Now that my mom lives here in town I got to make pickles with her in her new home.
She asks around and always ends up buying about 40 or so pounds from some local farmer. These beauties came from the Rockport Hutterite colony in Pendroy, Montana.
LOVING DISCLAIMER: This is an old family recipe. True to many old school canning methods, it differs from accepted standards today. It’s the way we’ve always done it and probably the way we always will! While my family uses 1:3 ratio (vinegar to water), I am updating the recipe to reflect the current standard of 1:1. As far as not boiling water bathing, I consulted with my buddy and expert food preservationist Marisa over at Food in Jars and she said: “As far as skipping the processing step: as long as you’re starting with sterilized jars, the worst that can happen is mold or fermentation. You’ll see or smell those issues immediately.”
I do encourage you to try the towel-counter-top seal method on at least a jar or two! It makes a huge difference in flavor and texture. There are indeed increased food safety risks with my family’s method and I choose to accept them.
Just now as I am writing I got this text from my mom:
Bratton Family Dill Pickles
It takes about 1 pound of cucumbers per quart. We made 43 quarts with 40 pounds. Generally, you need 10-12 small (2-3″) cucumbers per quart. You can make just one jar at a time if you’d like! That way you can put right in fridge and not even have to worry about a seal. This recipe is super easy and fast and satisfying. I’ll make this recipe here for 10 quarts but feel free to halve or double recipe or 10x the yield. It’s quite flexible.
Yield: 10 quarts
SUPPLIES & INGREDIENTS:
- 10 pounds 2-3″ fresh, firm cucumbers
- a few bunches of dill (one piece per jar)
- 20 cloves of garlic
- alum powder*
- 2 quart apple cider vinegar 5% acidity
- 2 quarts water
- 1 cup canning salt*
- 10 clean quart jars, lids and bands
- 2 stock pots, one sauce pan
- jar lifter*
- canning funnel*
- clean cloth
*affiliate links / If you’re just beginning, it might be most affordable to purchase a canning kit which includes all the supplies in one package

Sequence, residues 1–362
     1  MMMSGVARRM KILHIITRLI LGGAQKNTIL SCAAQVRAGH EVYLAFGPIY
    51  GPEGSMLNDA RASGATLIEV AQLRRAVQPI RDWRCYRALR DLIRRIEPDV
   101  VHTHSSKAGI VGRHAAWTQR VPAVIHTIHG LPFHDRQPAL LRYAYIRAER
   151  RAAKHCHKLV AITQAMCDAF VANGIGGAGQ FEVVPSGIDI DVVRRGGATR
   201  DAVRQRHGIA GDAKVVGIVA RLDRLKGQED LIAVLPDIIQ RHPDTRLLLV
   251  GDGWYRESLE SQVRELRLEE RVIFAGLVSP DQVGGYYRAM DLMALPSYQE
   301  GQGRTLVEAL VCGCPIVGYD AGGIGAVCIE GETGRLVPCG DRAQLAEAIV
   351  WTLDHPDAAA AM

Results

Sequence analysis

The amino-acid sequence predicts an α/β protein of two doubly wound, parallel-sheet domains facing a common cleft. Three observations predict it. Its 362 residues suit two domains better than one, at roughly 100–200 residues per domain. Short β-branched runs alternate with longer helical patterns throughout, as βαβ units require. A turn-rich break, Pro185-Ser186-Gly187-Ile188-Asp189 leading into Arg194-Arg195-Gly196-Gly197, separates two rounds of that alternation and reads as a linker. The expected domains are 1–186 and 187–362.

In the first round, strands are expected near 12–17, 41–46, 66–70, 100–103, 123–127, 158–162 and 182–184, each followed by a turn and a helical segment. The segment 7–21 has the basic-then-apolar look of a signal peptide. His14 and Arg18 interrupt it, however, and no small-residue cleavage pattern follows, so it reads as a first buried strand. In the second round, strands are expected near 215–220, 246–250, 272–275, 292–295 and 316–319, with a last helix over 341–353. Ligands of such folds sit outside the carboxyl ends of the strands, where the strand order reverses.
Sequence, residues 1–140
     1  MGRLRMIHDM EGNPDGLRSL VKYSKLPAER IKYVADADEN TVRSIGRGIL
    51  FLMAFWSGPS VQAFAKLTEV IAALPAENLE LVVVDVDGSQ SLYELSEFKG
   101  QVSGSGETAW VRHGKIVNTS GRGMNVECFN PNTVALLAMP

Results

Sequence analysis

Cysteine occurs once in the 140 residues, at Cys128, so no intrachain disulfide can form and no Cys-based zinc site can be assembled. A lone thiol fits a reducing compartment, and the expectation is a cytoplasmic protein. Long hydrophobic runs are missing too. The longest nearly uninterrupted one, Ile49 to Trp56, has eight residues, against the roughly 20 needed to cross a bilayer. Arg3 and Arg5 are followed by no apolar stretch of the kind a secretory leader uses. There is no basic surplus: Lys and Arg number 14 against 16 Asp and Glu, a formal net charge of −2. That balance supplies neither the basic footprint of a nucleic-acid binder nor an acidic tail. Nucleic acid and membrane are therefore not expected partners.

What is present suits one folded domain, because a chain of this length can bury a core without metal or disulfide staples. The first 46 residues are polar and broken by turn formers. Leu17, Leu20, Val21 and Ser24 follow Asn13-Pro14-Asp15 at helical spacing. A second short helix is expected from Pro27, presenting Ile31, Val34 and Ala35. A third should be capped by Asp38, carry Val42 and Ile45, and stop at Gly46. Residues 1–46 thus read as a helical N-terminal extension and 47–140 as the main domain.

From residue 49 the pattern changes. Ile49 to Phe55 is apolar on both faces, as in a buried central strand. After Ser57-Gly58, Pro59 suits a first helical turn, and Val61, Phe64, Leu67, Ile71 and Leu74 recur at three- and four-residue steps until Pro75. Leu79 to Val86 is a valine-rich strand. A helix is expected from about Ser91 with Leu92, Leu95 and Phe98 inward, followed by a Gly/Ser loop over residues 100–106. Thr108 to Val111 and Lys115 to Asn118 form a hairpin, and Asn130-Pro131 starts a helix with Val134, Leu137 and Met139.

- Wash cucs gently; place on clean towel and have at room temp.
- In one pot: make brine. Bring to a boil water, vinegar and salt to a boil. Keep hot.
- In other pot: place jars and fill with enough water to cover jars. Heat to boiling and then reduce heat. Keep hot.
- In sauce pan: place lids and rings. Heat to boiling and then reduce heat. Keep hot.
Mom Says: HOT-HOT-HOT is the key!
- Working quickly & doing only one jar at a time: add a scant 1/8 tsp. of alum, 2 garlic cloves and one piece of dill. Pack cucs in jars, leaving 1/2 inch head space.
Mom Says: Do not let cucs or dill weed touch lids.
- Ladle hot brine over stuffed jar, wipe rim with clean cloth and place hot lid and hot ring on jar. Screw tight and place on towel, on counter, out of draft. Cover jars with an additional towel.
Mom Says: The towels keep it all snug and hot (HOT-HOT-HOT!) which aids in good sealing.
- Don’t move until completely cool.
- Store in dark, cool place. Ready to eat in five weeks! If a jar does not seal: store in fridge (still wait the 5 weeks before eating).
IF YOU’D LIKE TO PROCESS JARS:
Proceed with the directions above. Instead of leaving on counter to seal: process jars in boiling water bath for 15 minutes (add five minutes for elevations 1000-3000 feet, add 10 minutes 3000-6000 feet etc). And wait the five weeks. xo